How should a leader address customers; shareholders; the press; employees? Are there different components of the message that should be shared with one group and not another? Who needs what type of information? Most of all, how can you set the context for difficult not to be so difficult. The best strategy is to be specific and clear about what is happening, rather than clouding the message with hyperbole.
Unmet Expectations: Most difficult messages come from a very common origin. Unmet expectations. I failed to deliver the results you expected. You failed to deliver the results I expected. It is difficult because it contains embarrassment and disappointment – two things human beings dislike the most. It is a social embarrassment and when this is the core of the message, people want to deflect the message, minimize it, blame others, avoid it – or use any other tactic they can think of to avoid the situation.
Every difficult message has a dynamic that is unique to the situation. If you don’t care about the relationship, then you can say anything you want. In this case you can “data dump” or get the situation off your chest and act mindlessly about how you say it. Sometimes this can be venting or letting it all out if the issue is about your relationships with an individual.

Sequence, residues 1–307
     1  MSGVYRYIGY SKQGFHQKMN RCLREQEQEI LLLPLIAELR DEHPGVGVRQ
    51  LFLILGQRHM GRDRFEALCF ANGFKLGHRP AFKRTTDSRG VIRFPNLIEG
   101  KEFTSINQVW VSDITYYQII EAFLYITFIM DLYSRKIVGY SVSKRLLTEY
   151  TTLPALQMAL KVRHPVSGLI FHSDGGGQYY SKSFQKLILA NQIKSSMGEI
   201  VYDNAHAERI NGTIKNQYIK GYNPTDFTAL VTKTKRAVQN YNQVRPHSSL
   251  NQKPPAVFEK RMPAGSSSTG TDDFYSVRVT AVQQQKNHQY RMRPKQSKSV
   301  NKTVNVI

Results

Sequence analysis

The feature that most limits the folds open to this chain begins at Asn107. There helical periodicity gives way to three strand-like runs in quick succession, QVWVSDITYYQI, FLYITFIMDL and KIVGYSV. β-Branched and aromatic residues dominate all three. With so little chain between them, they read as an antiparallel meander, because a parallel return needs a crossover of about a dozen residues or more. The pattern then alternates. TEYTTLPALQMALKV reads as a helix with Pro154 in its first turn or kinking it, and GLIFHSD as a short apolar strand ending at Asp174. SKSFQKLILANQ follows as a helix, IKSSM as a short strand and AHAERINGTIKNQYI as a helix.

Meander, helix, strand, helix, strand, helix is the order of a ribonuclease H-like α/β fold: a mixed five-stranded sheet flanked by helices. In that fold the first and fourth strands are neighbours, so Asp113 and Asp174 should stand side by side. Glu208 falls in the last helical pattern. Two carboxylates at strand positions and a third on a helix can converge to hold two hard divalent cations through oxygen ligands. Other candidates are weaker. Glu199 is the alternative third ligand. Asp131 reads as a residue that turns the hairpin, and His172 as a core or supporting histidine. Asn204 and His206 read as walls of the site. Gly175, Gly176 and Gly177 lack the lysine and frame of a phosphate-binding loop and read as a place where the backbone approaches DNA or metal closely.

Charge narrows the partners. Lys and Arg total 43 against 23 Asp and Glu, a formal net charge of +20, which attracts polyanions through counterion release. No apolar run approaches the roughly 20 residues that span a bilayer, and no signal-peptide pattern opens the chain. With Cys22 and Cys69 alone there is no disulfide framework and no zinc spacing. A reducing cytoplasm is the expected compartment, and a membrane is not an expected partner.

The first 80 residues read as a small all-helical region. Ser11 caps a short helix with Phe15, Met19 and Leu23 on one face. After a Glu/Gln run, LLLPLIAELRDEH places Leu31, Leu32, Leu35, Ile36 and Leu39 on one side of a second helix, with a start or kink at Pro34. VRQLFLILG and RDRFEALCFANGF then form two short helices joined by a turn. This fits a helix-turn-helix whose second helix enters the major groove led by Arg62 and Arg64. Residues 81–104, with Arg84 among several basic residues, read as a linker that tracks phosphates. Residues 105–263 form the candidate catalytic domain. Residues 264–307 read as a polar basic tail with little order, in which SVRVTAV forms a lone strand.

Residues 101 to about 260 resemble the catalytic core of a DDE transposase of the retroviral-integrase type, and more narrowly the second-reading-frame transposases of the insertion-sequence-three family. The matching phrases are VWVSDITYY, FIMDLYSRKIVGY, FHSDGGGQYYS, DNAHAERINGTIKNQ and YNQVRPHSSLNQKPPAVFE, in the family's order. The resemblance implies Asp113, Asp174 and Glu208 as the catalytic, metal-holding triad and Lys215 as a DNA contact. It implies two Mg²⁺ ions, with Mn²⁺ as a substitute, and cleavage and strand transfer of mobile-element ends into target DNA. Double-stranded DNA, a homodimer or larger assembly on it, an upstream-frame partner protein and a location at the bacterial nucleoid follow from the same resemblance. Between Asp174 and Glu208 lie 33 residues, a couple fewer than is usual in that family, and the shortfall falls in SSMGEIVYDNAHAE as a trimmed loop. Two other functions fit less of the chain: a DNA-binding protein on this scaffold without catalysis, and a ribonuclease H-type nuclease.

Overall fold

Caring: However, in most other cases, if your goal is to share something that is considered “difficult” and you want to sustain the relationship, you need to set the context for a sustained relationship up front so the person knows that this may be difficult for both of you… and that you care about them regardless of how difficult the message will be.
Candor: In addition, you want to be explicit and honest about what you are sharing. Candor communicates respect, and that is what people want most. Not candor that looks like blame, or anger, but candor that looks like the real truth.
Example: Failure to Deliver Results on Your End
For example, your company failed to make its numbers this quarter and it’s because of a delay in the launch of a product. There will be an impact on stock price, or deliveries, on employee bonuses - so the impact is across the board with employees, shareholders, press and even customers. Identify where the impacts lie, take responsibility for the event, ask people to accept your apology, explain your new strategy for making it better, and ask for their ongoing support or help in any way that is needed.
Understand How to Address Fears, Concerns, and Worries:
Triggering: ‘Feared Implications’